Coming to this part of the world, my entire focus was on Japan. It was the place I’d always wanted to visit since childhood, so all I could see was the neon lights of Tokyo. I was definitely going to end up in other places afterwards but, I thought to myself, no plan, let’s just see where the wind blows.
A few months before departing I read a book that was highly recommended by a good friend: Aftermath by Donovan Webster. In this book, the author describes in shocking detail the consequences of the wars fought throughout the 20th century – consequences beyond the body counts after the battles. From acres of land in France still saturated with landmines to the skeleton fields of Russia where multitudes of under equipped soldiers froze or starved to death. In one chapter he details the after effects of the Vietnam war such as unexploded ordinance still killing people today and babies that are being born with birth defects due to the liberal use of Agent Orange during the conflict. It was this chapter in that piqued my interest in visiting Vietnam.
Not having considered where I would end up after Japan, Vietnam hadn’t entered my thoughts at all. After reading about what had happened though, I decided this was a must visit destination. Not because of what happened though. I’m not a particularly morbid guy, although I do consider my own mortality from time to time (usually just before getting on a plane). I feel this is an important subject to meditate on as it puts all of the petty problems in life into perspective. But I’m not overly fascinated with it, so I don’t actively seek death and destruction, I simply pay close attention when it is there.
What appealed to me was the attitude of the Vietnamese people. An example that highlighted this mindset was a story of a farmer whose land had been decimated by falling bombs, leaving his fields fallow. Instead of wasting the rest of his life wallowing in misery and self pity, what did he do? He dug trenches between the craters, connecting them, filled the whole lot with water and started a fish farm, becoming wealthy in the process! Another story was about a young woman who stepped on a landmine, which resulted in the loss of one of her legs. Again, did she succumb to bitterness and self pity? Not she did not. She went out, sought bits of scrap metal from recovered missiles and the like and built herself a prosthetic leg! These stories astonished me. If ever I was to fall victim to some terrible accident or injury, I sincerely hope I could adopt a similar attitude of forbearance.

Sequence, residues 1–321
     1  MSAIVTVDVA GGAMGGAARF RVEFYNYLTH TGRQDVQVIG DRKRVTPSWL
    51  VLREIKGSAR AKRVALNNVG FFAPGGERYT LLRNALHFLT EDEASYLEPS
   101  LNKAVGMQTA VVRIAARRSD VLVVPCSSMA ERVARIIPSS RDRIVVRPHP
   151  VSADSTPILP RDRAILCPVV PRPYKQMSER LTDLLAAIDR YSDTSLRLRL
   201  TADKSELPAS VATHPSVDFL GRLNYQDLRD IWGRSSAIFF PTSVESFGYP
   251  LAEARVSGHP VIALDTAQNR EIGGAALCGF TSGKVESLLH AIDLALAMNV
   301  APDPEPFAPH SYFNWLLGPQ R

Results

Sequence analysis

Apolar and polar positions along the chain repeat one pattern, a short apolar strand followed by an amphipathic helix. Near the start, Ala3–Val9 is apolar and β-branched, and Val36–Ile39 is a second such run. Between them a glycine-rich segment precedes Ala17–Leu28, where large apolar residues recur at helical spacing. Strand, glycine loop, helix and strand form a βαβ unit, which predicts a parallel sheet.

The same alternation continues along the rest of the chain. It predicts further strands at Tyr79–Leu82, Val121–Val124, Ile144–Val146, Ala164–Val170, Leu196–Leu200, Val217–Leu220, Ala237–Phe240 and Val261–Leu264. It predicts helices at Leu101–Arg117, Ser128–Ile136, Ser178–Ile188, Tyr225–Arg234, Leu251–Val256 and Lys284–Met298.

Nowadays, it’s almost as if the war never happened. Streets are bustling, roads are pandemonium, crowded with madcap traffic and everywhere there is life in all it’s vibrancy and glory. The Vietnamese are a delightful people, full of smiles and humour and even the hustlers ply their trade with decency and respect. If you are approached by a guy on a motorbike offering a lift, you will often find yourself having an agreeable conversation with the man. When you politely refuse, occasionally they might persist a little but, never enough to cross the line of being disrespectful or pushy.
The memory of what happened is still there of course. Visiting the War Remnants Museum in Ho Chi Minh City, I was presented with some of the most disturbing images I have ever seen. Pictures of deformed babies; pictures of people moments before they were murdered, terror leaking from their eyes; pictures of people being beaten and tortured, their tormentors grinning all the while; it was harrowing and frightening and I came close to tears more than once. These are images that demanded I put my camera away, images that burn themselves into the lens of one’s memory painfully, permanently. Images I know I will have until my last breath.
Moving through the exhibits, following the arrows, the progression is one of optimism. Starting with the horror show, by the end my soul was assuaged by walls covered with photos of survivors and their children, delightful and beautiful, smiling and laughing. To me this illustrated that hate is only as powerful as you allow it to be. If you let it go, it will let go of you.
I left feeling strangely uplifted and hopeful for the future. If this nation can move forward after suffering such atrocities, how can we, as individuals, hold onto petty, banal grievances and grudges that pale in comparison?